10/27/2020 | News release | Distributed by Public on 10/27/2020 04:13
Skjálftinn átti upptök um 6,8 km vestan við Kleifarvatn
Seismic activity has decreased significantly in recent days. About 180 earthquakes of magnitude 2.2 or less were detected the last two days, for comparison, during the first 24 hours following the 5.6 earthquake in Núpshlíðarháls, about 1700 earthquakes were detected in the area. 'It is difficult to say whether the activity is coming to an end or only temporarily reduced', says Einar Hjörleifsson, specialist in natural hazards at the Icelandic Met Office. 'Given the number and magnitude of earthquakes in recent days, it is likely that the activity in the area is approaching the normal background activity. As residents of the Reykjanes peninsula know, the seismic activity on the entire peninsula has been rather high this year, and the center of activity has moved between different areas. This activity is a part of an active long-term process in the peninsula, but it is difficult to predict what will happen next,' says Einar.
Seismic activity on the Reykjanes peninsula has decreased during the last 24 hours. A magnitude 2.6 earthquake shook the region at 9 a.m. this morning. The activity has mostly been confined to areas west of Lake Kleifarvatn, and it is difficult to say whether it is coming to an end. The seismic activity might well move to the east towards Brennisteinfjöll Mountains as history indicates.
The ongoing seismic swarm is interpreted as being a part of a sequence of events that began on the Reykjanes peninsula at the end of 2019 and reaches from Eldey skerry in the west to Krýsuvík in the east. This activity, which consists of both seismic activity and magma intrusions, could be long and periodic. The center of activity can shift between areas on the peninsula. Along the Reykjanes peninsula and the Reykjanes ridge there are plate boundaries and the volcanic systems, Eldey, Reykjanes-Svartsengi, and Krýsuvík, transect these boundaries.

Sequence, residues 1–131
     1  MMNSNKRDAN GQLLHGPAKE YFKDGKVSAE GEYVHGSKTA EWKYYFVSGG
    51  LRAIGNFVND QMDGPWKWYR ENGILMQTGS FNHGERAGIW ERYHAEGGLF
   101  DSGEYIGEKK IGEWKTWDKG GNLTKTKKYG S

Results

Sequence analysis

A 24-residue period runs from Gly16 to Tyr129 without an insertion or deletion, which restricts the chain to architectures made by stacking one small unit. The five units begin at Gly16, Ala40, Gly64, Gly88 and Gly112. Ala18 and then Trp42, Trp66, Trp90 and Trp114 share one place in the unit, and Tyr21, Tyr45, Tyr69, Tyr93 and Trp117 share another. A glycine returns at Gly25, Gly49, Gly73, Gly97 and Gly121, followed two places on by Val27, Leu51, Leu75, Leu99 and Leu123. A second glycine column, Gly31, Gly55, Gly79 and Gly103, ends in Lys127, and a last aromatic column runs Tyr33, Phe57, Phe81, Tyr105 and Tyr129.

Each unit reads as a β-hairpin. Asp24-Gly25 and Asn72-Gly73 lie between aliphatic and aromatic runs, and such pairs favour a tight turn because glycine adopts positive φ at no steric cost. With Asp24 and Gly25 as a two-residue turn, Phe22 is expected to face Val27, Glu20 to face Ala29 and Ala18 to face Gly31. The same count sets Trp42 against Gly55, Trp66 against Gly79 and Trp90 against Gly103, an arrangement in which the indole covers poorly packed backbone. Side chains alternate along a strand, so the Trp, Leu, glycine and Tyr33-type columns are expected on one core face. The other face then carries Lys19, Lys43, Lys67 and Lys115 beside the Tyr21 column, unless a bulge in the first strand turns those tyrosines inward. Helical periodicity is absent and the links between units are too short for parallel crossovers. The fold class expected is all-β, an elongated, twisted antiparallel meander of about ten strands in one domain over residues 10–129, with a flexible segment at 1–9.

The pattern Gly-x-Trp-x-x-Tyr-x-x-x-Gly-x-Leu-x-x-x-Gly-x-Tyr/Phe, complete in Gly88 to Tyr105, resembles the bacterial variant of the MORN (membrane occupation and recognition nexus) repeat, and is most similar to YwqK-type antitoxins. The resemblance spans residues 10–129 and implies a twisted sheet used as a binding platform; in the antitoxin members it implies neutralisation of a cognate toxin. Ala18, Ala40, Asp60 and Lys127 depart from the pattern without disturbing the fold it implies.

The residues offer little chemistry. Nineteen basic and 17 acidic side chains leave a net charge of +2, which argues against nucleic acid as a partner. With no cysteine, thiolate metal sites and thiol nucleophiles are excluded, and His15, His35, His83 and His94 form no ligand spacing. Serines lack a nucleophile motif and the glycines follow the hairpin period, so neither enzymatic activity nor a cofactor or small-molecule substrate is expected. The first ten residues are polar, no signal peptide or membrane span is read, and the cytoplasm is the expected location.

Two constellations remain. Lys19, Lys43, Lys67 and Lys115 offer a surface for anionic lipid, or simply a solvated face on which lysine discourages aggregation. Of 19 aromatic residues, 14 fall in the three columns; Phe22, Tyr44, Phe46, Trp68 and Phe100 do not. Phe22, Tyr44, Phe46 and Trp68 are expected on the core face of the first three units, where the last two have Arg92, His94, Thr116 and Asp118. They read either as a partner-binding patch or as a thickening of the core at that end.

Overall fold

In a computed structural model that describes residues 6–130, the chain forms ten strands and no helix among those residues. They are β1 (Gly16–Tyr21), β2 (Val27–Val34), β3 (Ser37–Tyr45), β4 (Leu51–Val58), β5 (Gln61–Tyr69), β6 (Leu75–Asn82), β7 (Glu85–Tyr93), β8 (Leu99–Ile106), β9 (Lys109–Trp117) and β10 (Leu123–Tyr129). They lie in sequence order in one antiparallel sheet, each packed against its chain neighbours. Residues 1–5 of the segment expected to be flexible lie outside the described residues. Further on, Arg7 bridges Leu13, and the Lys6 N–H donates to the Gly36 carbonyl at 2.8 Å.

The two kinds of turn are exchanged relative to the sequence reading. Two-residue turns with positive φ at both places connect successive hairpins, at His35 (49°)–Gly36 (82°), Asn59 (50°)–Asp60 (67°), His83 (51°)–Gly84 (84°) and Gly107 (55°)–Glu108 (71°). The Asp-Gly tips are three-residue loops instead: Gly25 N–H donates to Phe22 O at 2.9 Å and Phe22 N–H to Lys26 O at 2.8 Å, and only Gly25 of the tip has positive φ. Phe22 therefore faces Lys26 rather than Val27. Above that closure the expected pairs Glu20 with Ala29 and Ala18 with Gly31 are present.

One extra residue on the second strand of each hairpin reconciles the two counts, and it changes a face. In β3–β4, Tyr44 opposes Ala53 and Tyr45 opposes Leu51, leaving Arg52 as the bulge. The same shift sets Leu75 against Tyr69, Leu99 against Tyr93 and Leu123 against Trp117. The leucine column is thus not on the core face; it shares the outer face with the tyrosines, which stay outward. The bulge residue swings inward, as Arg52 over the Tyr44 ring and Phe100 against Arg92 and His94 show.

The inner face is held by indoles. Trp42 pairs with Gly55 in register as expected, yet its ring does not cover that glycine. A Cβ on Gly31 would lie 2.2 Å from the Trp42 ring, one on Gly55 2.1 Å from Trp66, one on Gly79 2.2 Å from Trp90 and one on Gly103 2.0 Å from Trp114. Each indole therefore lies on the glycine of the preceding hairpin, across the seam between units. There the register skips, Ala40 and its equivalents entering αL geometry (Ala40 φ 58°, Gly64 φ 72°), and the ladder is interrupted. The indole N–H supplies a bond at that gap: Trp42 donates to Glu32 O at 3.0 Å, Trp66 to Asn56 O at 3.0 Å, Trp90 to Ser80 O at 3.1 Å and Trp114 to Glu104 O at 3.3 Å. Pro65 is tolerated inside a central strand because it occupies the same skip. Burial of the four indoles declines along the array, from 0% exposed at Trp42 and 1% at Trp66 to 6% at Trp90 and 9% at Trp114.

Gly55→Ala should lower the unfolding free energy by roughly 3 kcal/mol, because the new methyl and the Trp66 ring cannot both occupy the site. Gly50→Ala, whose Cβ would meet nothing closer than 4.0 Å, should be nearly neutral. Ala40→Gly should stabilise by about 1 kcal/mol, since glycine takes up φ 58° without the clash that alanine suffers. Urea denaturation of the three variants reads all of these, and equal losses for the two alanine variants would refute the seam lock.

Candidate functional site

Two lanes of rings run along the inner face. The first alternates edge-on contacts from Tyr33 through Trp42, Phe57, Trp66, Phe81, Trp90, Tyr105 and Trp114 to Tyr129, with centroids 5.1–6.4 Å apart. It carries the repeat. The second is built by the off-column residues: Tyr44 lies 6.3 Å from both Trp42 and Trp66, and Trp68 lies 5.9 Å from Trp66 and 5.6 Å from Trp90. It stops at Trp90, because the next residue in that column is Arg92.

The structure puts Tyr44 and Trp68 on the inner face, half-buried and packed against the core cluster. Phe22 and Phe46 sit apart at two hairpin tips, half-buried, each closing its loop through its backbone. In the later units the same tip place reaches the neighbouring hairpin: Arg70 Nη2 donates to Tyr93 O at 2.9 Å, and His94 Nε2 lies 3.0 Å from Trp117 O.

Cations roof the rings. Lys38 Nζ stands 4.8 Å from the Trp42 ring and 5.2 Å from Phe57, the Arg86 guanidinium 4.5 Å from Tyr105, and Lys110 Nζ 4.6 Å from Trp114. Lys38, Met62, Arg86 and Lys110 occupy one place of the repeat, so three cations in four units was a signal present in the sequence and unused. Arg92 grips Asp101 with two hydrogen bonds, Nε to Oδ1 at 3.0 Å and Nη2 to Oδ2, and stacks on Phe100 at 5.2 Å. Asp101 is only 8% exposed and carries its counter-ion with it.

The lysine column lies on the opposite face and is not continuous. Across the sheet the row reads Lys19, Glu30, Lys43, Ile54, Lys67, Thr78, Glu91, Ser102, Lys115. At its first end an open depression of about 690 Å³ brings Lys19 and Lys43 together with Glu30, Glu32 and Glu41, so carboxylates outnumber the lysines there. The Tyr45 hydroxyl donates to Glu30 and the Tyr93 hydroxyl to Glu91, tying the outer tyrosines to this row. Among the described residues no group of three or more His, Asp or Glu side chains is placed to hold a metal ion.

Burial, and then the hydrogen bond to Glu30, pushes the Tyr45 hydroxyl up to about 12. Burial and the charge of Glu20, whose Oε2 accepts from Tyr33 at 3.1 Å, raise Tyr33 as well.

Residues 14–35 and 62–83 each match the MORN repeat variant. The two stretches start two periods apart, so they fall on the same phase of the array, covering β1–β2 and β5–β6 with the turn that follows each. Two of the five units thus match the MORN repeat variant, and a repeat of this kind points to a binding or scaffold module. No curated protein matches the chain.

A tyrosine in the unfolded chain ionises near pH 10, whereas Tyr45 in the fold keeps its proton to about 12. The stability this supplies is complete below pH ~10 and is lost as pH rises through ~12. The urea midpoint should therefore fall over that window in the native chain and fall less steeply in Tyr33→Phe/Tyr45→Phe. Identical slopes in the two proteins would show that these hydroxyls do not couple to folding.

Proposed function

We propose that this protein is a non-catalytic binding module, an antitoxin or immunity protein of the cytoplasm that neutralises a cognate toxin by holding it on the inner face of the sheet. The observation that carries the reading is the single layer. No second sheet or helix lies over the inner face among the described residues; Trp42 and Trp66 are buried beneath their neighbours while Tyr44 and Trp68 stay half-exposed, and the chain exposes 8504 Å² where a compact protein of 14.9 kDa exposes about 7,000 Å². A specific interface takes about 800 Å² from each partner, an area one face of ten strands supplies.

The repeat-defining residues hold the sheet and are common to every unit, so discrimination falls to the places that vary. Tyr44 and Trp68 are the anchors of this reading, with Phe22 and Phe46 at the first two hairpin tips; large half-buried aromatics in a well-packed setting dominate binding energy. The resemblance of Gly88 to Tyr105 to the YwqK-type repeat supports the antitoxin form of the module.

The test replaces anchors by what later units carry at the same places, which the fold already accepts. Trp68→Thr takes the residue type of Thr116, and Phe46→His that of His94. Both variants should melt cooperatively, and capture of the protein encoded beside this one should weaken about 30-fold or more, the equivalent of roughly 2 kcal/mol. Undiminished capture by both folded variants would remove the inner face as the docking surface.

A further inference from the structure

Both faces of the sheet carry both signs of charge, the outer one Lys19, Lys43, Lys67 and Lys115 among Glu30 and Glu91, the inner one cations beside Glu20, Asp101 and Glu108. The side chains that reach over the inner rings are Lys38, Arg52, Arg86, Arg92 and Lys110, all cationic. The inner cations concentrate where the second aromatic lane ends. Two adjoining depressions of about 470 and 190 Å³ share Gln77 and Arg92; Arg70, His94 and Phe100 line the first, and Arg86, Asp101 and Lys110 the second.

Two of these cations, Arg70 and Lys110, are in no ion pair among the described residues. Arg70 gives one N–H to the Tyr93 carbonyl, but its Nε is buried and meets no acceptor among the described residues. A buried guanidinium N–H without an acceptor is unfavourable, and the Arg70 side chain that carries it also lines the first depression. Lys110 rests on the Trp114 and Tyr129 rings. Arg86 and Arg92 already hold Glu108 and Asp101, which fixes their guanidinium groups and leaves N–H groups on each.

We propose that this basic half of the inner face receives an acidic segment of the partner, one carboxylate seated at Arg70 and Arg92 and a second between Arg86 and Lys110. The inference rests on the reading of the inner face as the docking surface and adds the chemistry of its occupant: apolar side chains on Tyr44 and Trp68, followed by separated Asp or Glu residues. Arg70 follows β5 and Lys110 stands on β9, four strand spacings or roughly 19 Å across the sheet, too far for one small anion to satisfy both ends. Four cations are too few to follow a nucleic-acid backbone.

Be aware of the hazards related to seismic activity, such as:
The Icelandic Met Office will continue monitoring the situation closely.
At 13:43 today (20th of October) an earthquake of M5.6 occurred in Núpshlíðarháls, about 5 km west of the geothermal area in Seltún on the Reykjanes peninsula. The earthquake was felt widely around the country, especially the southern part of the Reykjanes peninsula and in the capital area, which is some 25 km from the epicenter. At this time over 250 aftershocks have been detected, the largest ones in the period between 15:27 and 15:32. The largest was of M4.1, other earthquakes between 3.0 and 3.8. There are no signs of volcanic unrest in the area.
The earthquake today is the largest earthquake measured in the Reykjanes peninsula since 2003.
'There is an active long-term process ongoing in the area and we can expect that there will be more earthquakes in the coming hours that will be felt all the way to the capital area', says Kristín Jónsdóttir, Earthquake hazards coordinator at the Icelandic Met Office, in an interview with RÚV today.
A great deal of earthquake activity has been ongoing in the peninsula in 2020. Earthquakes of M5 were recorded in July this year, by Fagradalsfjall, just west of where the epicenter of the M5.6 earthquake today was. Earthquake history of the Reykjanes Peninsula shows that large earthquakes have occurred in the past in connection with large earthquake swarms. Therefore, there is the possibility of large aftershocks occurring in this swarm. Largest earthquakes in the area can possibly reach M5.5-6. Those types of earthquakes can cause damages within the capital area.